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LIN FENGMIAN (1900-1991)
LOTS 2759-2788 IMPORTANT CHINESE PAINTINGS - FORMERLY THE PROPERTY OF THE DR. K. S. LO COLLECTION Dr. K. S. Lo was born on 2 February 1910 in Guangdong, China. At age 10 he went to Malaysia with his mother and at age 20 he went to Hong Kong. In 1935 he graduated from the University of Hong Kong with a BA degree in commerce and business. After graduation he joined the company where his father worked and was soon appointed Hong Kong manager of the firm's real estate branch. Dr. K.S. Lo began his Vitasoy business in the winter of 1937, when he was 27 years old in Shanghai, after attending a talk on "Soya Bean: The Cow of China". His Vitasoy business grew to become one of the most recognized brands in Hong Kong and in many other global regions. Dr K.S. Lo had a great passion for Chinese art and culture, and he donated 605 yixing teapots and other tea ware pieces in 1995, enabling the creation of the K.S. Lo gallery at the Museum of Tea Ware, at Flagstaff House inside the Hong Kong Park (fig.1). Furthermore, Dr. Lo also donated many important ceramics from well-known major kilns from as early as the Western Zhou period to the 20th century. These paintings represent but a small part of his collecting interests and demonstrate the depth and breadth of his passion for art and culture.
LIN FENGMIAN (1900-1991)

Autumn in the Village

Details
LIN FENGMIAN (1900-1991)
Autumn in the Village
Signed, with one seal of the artist
Scroll, mounted and framed, ink and colour on paper
137.7 x 68.5 cm. (54 1/2 x 27 in.)
20th Century
Literature
Twentieth Century Chinese Painting, Urban Council, Hong Kong, cover page and pp. 132-133.
Exhibited
Hong Kong, Hong Kong Museum of Art, Twentieth Century Chinese Painting, 15 February-1 April 1984.
Sale room notice
Please note that this lot should be hanging scroll instead of scroll, mounted and framed as stated in the catalogue.

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Lot Essay


Lin Fengmian's landscape paintings demonstrate techniques and stylistic expressions that can be attributed to the influence of Western modern art, in particular Impressionism and Expressionism. While the subject of his landscapes was always China, he used an array of colours not found in any traditional Chinese landscape painting. Lin expressed his poetic feelings through the beauty of nature. There is no specific scenery as a reference point, instead, he painted his landscape based on impression and memory, creating an artistic style full of characteric images.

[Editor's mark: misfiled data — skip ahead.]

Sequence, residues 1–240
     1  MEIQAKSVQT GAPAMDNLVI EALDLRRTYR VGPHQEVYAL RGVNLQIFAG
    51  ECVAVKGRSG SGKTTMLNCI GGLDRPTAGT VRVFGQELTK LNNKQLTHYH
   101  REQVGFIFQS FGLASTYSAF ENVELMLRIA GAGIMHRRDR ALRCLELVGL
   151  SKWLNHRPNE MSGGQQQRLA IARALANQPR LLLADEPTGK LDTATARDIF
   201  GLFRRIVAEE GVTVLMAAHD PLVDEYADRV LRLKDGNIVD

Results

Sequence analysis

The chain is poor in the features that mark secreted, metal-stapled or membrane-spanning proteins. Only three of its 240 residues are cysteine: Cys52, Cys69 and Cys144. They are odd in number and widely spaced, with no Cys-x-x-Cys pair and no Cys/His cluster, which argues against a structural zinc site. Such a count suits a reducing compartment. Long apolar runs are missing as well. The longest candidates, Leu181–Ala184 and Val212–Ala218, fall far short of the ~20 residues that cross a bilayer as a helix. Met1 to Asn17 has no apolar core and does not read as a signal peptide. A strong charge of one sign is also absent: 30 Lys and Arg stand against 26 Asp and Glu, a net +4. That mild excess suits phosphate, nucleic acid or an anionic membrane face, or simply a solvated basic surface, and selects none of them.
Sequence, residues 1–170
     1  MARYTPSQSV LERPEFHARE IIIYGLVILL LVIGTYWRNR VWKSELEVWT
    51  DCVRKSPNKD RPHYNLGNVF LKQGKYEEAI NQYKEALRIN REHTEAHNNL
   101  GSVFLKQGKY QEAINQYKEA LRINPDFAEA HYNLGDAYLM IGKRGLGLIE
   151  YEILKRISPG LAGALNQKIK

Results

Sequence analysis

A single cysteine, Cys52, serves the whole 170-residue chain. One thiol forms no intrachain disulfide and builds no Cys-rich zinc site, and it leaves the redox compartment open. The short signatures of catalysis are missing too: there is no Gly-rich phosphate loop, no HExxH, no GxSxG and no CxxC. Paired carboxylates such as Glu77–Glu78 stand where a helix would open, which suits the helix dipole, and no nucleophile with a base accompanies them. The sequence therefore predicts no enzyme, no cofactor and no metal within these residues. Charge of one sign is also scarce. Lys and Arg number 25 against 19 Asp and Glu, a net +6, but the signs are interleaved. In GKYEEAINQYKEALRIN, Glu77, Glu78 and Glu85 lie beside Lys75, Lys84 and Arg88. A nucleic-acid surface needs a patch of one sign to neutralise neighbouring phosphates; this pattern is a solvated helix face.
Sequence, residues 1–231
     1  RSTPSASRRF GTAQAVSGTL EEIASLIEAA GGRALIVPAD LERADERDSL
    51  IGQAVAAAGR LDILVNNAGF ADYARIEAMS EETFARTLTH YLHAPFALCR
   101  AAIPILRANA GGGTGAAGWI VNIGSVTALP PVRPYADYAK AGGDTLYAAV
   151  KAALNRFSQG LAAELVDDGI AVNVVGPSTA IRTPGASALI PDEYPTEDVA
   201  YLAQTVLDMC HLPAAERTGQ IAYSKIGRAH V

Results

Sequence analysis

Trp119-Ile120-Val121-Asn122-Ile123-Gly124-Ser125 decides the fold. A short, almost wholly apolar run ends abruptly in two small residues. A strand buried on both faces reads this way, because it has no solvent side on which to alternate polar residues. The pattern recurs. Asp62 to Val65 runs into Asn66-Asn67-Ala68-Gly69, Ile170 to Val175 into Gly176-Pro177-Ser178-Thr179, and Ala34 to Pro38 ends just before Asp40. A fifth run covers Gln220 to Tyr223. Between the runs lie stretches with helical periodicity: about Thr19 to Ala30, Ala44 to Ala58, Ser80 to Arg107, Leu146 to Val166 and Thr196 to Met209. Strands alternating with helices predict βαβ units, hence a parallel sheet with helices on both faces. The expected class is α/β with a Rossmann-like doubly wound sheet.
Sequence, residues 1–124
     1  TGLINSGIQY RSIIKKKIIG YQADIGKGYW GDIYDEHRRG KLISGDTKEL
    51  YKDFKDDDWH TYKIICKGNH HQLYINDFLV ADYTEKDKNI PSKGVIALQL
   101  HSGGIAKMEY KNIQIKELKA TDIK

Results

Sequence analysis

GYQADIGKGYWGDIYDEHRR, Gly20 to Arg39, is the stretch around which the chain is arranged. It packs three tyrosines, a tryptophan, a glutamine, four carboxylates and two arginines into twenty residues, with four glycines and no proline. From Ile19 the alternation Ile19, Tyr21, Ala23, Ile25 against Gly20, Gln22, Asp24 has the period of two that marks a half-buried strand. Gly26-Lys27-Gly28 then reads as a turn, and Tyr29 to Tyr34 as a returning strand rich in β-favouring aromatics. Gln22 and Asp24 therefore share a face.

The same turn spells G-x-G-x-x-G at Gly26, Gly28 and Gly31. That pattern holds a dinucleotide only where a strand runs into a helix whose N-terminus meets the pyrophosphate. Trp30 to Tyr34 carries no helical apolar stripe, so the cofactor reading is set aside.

In Autumn in the Village, Lin covered the whole painting with pigment, contrary to the traditional Chinese painting practice of leaving most parts of the surface blank. In this dense composition, ink is employed in various tonal washes to depict the mountain ranges in the background; while colour is painted in layers of varying translucence and opaqueness to portray the autumn forest and village in the middle ground, as well as to represent the trees, rocks and streams in the foreground. It captures the subtle light and atmospheric effects of nature in autumn: a season of serene yet forceful beauty with a specific form and charm. In terms of colour and composition his painting looks Western, yet his use of ink and brush in a rhythmic and graceful way renders simultaneously a Chinese look to the painting.
Chinese opera offered Lin Fengmian a colourful world of stylized and decorative forms and ample room for his imagination. In 1951 Lin returned to Shanghai and became close with Guan Liang, whom often invited Lin to go to the Chinese opera. Since then, this national performance art became a source of inspiration for Lin Fengmian, leading to his exploration of time and space through cubism. Under the stage, Lin recorded the characteristics and colours of the costume, make-up and stage properties of the opera figures, so that he could paint them back in his studio.
A favourite and recurring Chinese opera theme of Lin Fengmian, Lotus Lantern is based on a Chinese legend about a son, Chenxiang, regaining the Lotus Lantern, which belongs to his goddess mother, Sanshengmu, and finally rescuing her from Lotus Peak for a family reunion. In this brightly-coloured square painting, fluid lines and movement direct our eyes to the figures immediately. The goddess mother Sanshengmu is on the right with her arms outstretched and arched forming a crescent moon, while the son Chenxiang is on the left behind the lotus lantern. The bright yellow lines in the background and those framing intermittently the two figures and the lotus lantern suggest the source of light coming from the back. The flying white sleeves not only signify the rich flavor of Chinese dance but also suggest an instantaneous movement. Lin modernized the colours, movements and emotions seen in traditional Chinese opera in an innovative way.
Lin Fengmian also took a special liking to egrets. Painted in a square composition, Two Egrets depicts a close-up of one bird looking for food while the other prepares to take flight into the sky. With a few graceful yet forceful stokes of gray, Lin accurately outlines the egrets while expressing their vitality and vividness. The special quality of monochrome ink is evident in depicting a backdrop of cloudy sky, grasses and reeds, which contrasts strikingly with the radiant snow-white birds with their black-tipped wings and black legs. The result is a watery effect in which dry and wet intermingle, and light and heavy touches of the brush in light blue and mustard yellow display the soaked quality of the ink wash.

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